Mining Indaba 2024: What We Want

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At the 2024 Mining Indaba happening in Cape Town from 5 to 8 February, PWYP members advocate for African leaders to ensure that transition minerals bring genuine prosperity and development of the continent. Any commitment or deal made during those four days and beyond should ensure people and communities’ best interest.

Read more: Recommendations for a common African vision on transition minerals

What is happening?

Demand is soaring for the raw materials the world needs to secure a clean energy future. Africa has abundant reserves of these ‘transition minerals’ which are used in wind- and solar-powered technology and electric vehicle production. Fierce competition to secure these minerals is accelerating among foreign powers, spurred in part by China’s dominance in global mineral processing. In response, countries and blocks like the USA and European Union are securing deals for minerals bilaterally.

The extraction of minerals in Africa is already beset by corruption, profiteering, environmental damages and human rights abuses. The urgency and scale of the demand for Africa’s transition minerals will only increase pressure on producing countries to “fast-track” licensing and open up mining in sensitive and high risk areas. This will lead to increased corruption and human rights and environmental abuses, in particular land grabs, pollution and contamination of water and land.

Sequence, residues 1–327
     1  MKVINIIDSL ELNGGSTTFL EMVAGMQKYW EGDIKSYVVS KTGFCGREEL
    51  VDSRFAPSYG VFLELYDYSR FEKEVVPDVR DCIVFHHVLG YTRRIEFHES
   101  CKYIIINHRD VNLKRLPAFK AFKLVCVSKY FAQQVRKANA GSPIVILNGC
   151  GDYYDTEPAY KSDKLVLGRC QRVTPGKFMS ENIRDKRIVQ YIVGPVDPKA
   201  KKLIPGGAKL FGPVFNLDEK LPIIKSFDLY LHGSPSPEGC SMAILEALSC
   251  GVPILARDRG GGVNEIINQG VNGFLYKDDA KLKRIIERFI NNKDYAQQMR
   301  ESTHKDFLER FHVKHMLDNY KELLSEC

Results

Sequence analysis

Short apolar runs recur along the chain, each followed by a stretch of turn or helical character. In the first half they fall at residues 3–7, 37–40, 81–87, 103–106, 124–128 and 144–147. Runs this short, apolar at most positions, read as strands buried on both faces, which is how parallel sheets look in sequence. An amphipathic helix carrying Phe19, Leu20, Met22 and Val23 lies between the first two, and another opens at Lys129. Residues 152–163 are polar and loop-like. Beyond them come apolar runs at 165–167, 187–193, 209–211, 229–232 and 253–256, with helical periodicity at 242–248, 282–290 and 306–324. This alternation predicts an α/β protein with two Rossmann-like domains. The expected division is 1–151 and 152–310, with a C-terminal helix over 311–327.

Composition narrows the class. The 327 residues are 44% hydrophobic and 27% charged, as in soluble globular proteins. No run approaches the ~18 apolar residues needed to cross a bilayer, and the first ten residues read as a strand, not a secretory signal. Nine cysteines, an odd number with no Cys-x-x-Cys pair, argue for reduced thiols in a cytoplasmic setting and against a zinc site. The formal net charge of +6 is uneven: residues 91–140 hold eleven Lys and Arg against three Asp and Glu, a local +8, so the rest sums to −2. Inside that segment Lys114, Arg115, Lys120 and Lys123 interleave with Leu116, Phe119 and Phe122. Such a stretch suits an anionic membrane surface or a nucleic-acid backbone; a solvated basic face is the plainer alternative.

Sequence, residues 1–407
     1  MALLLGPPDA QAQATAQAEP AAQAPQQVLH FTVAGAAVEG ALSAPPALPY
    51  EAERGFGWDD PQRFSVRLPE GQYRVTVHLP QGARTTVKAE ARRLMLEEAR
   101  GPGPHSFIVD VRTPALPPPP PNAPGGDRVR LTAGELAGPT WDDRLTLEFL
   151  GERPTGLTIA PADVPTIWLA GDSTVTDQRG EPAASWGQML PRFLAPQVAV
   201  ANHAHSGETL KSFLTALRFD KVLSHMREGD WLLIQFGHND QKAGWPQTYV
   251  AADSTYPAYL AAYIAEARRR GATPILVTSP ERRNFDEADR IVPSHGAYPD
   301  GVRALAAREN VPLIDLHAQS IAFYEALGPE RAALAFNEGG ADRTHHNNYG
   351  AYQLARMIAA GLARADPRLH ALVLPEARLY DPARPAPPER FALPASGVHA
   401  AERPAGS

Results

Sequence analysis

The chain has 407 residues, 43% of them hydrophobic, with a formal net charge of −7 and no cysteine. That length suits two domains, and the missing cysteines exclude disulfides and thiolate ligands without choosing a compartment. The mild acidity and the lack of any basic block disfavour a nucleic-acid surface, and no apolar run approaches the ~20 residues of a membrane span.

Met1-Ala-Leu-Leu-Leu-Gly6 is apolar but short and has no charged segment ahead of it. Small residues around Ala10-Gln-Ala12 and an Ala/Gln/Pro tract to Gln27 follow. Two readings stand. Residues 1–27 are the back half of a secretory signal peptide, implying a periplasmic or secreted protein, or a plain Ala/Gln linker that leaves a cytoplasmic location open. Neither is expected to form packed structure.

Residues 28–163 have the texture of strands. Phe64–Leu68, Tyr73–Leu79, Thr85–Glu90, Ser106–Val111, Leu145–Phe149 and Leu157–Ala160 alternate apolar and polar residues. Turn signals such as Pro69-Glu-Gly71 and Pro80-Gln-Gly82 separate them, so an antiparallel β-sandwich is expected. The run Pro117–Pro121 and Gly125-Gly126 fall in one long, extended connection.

There is a significant risk that rampant transition mineral extraction will leave African countries stuck as providers of raw materials with mining bringing  harm to local communities and the environment but none of the potential to provide domestic energy access for the people who own those minerals.

What can we do?

“Strategic minerals in Africa are being extracted at a fast pace to meet energy transition goals, but are human rights protection put on the table? Protecting communities’rights should be a major concern for governments prior to deal with extraction, including transparent consultation, gender inclusion, land rights and compensations” Valéry Ramaherison, PWYP Madagascar / Transparency International – Initiative Madagascar

There is a window of opportunity; a more mature discussion is emerging about Africa’s own vision for just transition, energy sovereignty and its transition minerals, including how they will be used, by whom and who will benefit from them. The annual Mining Indaba is a key moment when mining stakeholders, including African governments, companies and investors, are gathering to discuss the future of mining.

PWYP is calling them to ensure responsible and sustainable transition minerals, bringing prosperity and development to the African people, as well as guaranteeing the full respect of communities’ rights.

“African governments should ensure that whatever negotiations, commitments and/or deals made at the Mining Indaba should genuinely reflect the best interest of their citizens so as not to disadvantage them.” Tamika Halwiindi, PWYP Zambia / Transparency International Zambia

PWYP delegates are also engaging in the Alternative Mining Indaba to exchange and strategise with other civil society organisations:

“Participation in the AMI is significant to ensure communities’ and civil society voice in mining decisions at a regional level. Countries of the Sub-Saharan region face similar challenges and the AMI is an opportunity to share these challenges and best practices for improved mining governance in our respective countries.” Tamika Halwiindi

Read more: Wanted: a common vision for transition minerals extraction in Africa, op-ed by Nsama Chikwanka, National Coordinator of PWYP Zambia, 2023

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